Somerset County Council
.

Report a child at risk

 

Local Authorities are under a statutory duty to make enquiries where they have reasonable cause to suspect that a child is suffering or is likely to suffer significant harm or is subject to an emergency protection order or police protection. Children's Social Care carries these responsibilities on behalf of Somerset County Council.

We do not do this alone. We consult with other agencies and professionals. We take a lead role in managing individual cases but also rely on the assistance and co-operation of professionals in other agencies.

All children have a right to be safe from harm. Everyone is responsible for helping to keep children safe. If someone tells us that they are concerned about a child we need to find out more. The law says that children's services must ask questions to find out if a child is at risk of harm.

For further information, please see the Somerset Safeguarding Children Board website http://www.somersetsafeguardingchildrenboard.org.uk/.

If a child or young person appears to be at risk because of neglect or abuse, we will investigate and make sure that the child is safe.  We will carry out a thorough investigation, talking with families, doctors, health visitors, teachers and people who may be able to help us find a way to keep a child safe.

If we have special concerns about the child, we may hold a Child Protection Conference. This is a meeting with the family, Social Worker and other professionals to try to find a solution to the difficulties at home. We will always try to work with families to support and help them cope.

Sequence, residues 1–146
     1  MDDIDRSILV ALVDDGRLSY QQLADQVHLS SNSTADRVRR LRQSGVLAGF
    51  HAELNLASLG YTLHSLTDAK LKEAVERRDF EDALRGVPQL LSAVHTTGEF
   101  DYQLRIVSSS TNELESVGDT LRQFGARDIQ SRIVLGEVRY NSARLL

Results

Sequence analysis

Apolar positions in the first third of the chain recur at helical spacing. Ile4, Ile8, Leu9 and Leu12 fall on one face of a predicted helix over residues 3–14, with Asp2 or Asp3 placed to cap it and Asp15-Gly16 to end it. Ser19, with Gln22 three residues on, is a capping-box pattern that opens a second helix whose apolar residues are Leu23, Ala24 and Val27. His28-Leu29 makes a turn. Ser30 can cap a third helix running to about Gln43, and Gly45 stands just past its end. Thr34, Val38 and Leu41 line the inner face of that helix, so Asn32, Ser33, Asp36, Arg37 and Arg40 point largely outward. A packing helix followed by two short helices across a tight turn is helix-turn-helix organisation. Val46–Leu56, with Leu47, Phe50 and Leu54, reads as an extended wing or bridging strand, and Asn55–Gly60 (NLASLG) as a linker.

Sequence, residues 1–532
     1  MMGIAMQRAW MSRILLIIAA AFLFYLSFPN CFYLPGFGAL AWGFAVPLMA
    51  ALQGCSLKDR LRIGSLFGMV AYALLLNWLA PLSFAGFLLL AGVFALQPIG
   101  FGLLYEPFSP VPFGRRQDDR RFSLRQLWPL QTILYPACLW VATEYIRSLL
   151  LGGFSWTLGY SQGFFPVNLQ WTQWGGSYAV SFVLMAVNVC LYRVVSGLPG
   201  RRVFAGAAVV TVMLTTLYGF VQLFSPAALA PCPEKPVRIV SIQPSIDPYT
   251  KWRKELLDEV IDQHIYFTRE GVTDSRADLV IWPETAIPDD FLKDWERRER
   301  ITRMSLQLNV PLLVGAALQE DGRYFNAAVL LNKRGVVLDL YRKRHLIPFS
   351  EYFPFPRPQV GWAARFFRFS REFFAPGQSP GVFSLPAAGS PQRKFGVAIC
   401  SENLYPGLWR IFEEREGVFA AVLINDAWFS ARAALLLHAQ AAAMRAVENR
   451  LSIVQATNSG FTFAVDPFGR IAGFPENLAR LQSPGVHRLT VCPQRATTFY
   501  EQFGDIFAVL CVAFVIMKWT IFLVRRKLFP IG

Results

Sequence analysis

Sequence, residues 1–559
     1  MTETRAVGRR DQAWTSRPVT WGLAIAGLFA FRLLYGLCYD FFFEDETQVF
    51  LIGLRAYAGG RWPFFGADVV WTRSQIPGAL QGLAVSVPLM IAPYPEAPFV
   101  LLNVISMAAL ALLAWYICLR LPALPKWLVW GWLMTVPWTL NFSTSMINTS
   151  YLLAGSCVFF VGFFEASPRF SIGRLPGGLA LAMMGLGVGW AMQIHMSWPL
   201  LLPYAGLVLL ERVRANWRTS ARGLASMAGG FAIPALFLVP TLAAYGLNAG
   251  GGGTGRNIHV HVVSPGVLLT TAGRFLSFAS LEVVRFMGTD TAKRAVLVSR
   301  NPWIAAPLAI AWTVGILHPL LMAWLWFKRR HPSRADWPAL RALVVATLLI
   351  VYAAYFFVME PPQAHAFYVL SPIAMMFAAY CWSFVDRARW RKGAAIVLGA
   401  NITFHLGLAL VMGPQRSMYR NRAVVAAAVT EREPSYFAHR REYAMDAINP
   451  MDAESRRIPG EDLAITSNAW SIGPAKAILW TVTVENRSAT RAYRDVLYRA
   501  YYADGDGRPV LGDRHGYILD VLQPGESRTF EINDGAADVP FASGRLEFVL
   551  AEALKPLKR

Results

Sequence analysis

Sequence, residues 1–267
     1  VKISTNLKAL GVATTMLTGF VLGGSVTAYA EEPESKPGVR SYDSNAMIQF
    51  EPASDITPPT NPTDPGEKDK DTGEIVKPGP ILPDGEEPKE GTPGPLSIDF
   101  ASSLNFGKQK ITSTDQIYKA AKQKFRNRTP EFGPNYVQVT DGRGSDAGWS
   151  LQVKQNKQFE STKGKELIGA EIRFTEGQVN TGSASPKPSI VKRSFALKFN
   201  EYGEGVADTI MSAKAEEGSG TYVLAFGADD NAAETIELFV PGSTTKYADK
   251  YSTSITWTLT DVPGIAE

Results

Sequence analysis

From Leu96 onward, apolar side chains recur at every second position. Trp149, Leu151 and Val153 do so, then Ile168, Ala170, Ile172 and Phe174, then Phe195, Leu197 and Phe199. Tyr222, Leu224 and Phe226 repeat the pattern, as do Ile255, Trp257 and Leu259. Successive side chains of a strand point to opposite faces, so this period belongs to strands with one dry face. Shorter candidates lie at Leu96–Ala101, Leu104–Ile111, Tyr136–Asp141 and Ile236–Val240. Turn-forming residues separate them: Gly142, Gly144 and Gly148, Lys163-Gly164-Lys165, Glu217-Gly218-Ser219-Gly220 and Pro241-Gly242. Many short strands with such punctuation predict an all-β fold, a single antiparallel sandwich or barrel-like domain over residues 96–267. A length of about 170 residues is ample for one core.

You can find out more about online services and publications at these related websites:
Somerset’s Local Safeguarding Children Board

South West Child Protection Procedures

NSPCC

Department for Education (DFE)


How do I use it?
If you are worried about a child or young person who could be in danger, please contact us on 0845 345 9122 or by email at childrens@somerset.gov.uk.

You can find publications on the Somerset Local Safeguarding Children Board website

This includes:

  • Information for parents and carers

  • Information for Professionals

  • Publications

What happens next?
If we assess that abuse has, or may have taken place, the agencies involved will always consider what is best for the child - how to protect them and keep them safe. That usually means providing help and advice for the family, to make sure that the children will be safe and well cared for in the future.

If you suspect child abuse:

  • Do listen to the child.

  • Do take what the child says seriously.

  • Do act quickly.

  • Do share your worries with Children's Social Care, the police or the NSPCC - they are there to help you.

  • Do continue to offer support to the child.

  • Don't delay.

  • Don't probe or push the child for explanations.

  • Don't assume that someone else knows and will help the child. You must act. Don't be afraid to voice your concerns, the child may need urgent protection and help. 

Safeguarding is everybody's business.

You should contact:
1. Children's Social Care by phoning 0845 345 9122 or by email at childrens@somerset.gov.uk; and
2. The police.

You can contact the police directly by dialling 101 and they will discuss with Children's Social Care what action should be taken. In an emergency always contact the police by dialling 999.

General
Child abuse occurs in all types of family and culture and in every part of the country. In law, young people are children until their 18th birthday; child abuse can occur at any age from birth onwards. There can be serious concerns pre-birth.

There are many different types of child abuse and numerous ways in which abuse can happen. Children can be abused by the direct actions of an adult, such as a physical beating or because an adult fails to act, for example, by failing to provide proper food or clothing for a child. Children can be abused by strangers, adults they know or members of their own family.